Simon N. Powell: Research Overview


The major theme of our work is how DNA repair processes are disrupted in human cancers and how this can be exploited therapeutically. Most DNA repair pathways involve sensing and signaling as well as direct repair proteins, and the upstream signaling to activate homologous recombination may be determined by both double-strand break processing as well as chromatin remodeling. Homologous recombination is often dysregulated in human tumor cells by a variety of mechanisms. Homologous recombination involves many nuclear proteins, including the breast cancer susceptibility genes, BRCA1 and BRCA2, whose function is inactivated in familial breast or ovarian cancers. BRCA1 and BRCA2 both play roles in homologous recombination (HR) although at different steps in the repair pathway. The primary function of homologous recombination may be to restart stalled replication forks, blocked by particular types of DNA damage, or to repair gaps behind the replication fork. There are many vital proteins involved in this DNA repair pathway that are under investigation within the projects of the laboratory.

I additionally serve as the clinical science leader on the MSK SPORE in Genomic Instability in Breast Cancer. As part of the programmatic research efforts in this SPORE our laboratory is involved in efforts to define DNA repair defects in breast cancer with greater reliability and resolution, and to personalize the treatment of breast cancer patients whose tumors display homologous recombination DNA repair-related defects according to their genetic and genomic features. Our hypothesis is that different types of DNA repair defects result in the use of distinct back-up DNA repair mechanisms, which themselves result in specific genomic signatures and sensitivity to different therapeutic agents. The ultimate goal of this project is to personalize the treatment of breast cancer patients whose tumors display homologous recombination DNA repair-related defects according to their genetic and genomic features. We seek to substantially improve the outcome of these poor prognosis patients and direct the deployment of therapeutic agents either already approved (e.g. olaparib) or already in clinical trials (e.g. ATR-inhibitors).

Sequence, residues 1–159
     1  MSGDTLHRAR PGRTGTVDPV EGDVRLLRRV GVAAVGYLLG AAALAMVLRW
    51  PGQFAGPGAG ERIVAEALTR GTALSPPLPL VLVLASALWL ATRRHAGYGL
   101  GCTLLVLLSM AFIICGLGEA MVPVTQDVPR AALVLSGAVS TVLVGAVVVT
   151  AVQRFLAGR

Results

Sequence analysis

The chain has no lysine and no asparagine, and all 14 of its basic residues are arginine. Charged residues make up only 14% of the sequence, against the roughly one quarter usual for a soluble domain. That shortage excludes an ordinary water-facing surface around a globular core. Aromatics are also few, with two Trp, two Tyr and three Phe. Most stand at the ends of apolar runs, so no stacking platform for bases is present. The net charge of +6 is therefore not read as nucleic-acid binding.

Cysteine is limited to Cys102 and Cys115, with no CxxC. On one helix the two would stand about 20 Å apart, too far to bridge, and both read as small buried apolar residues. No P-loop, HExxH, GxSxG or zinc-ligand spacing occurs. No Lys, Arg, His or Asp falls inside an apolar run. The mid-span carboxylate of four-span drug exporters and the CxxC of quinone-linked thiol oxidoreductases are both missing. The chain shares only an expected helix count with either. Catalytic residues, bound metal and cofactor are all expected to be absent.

We have a wide range of projects that can be broadly grouped in the following areas:

Backup DNA repair pathways in HR-deficient human cancers

Defining new targets in HR-deficient cancers. BRCA-deficient cells lacking homologous recombination (HR) are dependent on alternative, often error prone mechanisms, to sustain replication and prevent the formation of DNA intermediates that require HR. Given the incomplete understanding of compensatory mechanisms that allow for HR-deficient cancer cells to sustain replication, we recently conducted a genome-wide CRISPR inactivation screen in unperturbed BRCA2-/- vs BRCA2+/+ cells to identify genes that are synthetically lethal with BRCA2 loss of function. In addition to genes known to be synthetically lethal with BRCA2 loss of function (e.g. POLQ and RAD52), this screen revealed several novel leads that have opened significant new areas of research for the laboratory.

Mechanisms underlying genomic signatures of HR-deficiency. Cancer genomes harbor mutational and structural rearrangements that are jointly shaped by DNA damage and repair mechanisms. Accumulating evidence suggests that genetic alterations in DNA repair-defective tumors reflect the scars of backup repair pathways needed to maintain cellular viability. Detailed analysis of the patterns of mutations and structural rearrangements present in BRCA1/2-deficient tumors has allowed for the delineation of genomic signatures that reflect deficient repair by homologous recombination (HR). In collaboration with Marcin Imielinski and Jorge Reis-Filho, we are investigating the backup repair mechanisms responsible for genomic scarring in HR-deficient tumors.

Mechanisms of recombination

Replication-coupled DNA damage signaling and repair